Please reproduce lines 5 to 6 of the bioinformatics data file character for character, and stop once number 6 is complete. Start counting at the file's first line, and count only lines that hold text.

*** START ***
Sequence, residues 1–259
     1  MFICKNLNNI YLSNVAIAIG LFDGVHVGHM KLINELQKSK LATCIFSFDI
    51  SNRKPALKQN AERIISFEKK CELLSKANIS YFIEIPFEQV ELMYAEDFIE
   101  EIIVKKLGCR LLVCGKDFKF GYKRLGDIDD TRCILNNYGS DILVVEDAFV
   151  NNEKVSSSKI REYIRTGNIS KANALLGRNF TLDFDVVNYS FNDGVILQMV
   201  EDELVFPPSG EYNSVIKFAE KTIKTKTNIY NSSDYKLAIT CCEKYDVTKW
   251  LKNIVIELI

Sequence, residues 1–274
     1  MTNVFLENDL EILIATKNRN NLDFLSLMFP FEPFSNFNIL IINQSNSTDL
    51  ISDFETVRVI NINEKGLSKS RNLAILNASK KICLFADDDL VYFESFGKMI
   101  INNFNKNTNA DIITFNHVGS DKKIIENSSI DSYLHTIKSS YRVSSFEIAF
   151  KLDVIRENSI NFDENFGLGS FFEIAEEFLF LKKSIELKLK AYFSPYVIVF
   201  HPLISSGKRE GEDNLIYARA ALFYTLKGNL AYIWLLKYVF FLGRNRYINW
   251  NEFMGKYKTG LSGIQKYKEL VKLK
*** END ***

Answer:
   151  NNEKVSSSKI REYIRTGNIS KANALLGRNF TLDFDVVNYS FNDGVILQMV
   201  EDELVFPPSG EYNSVIKFAE KTIKTKTNIY NSSDYKLAIT CCEKYDVTKW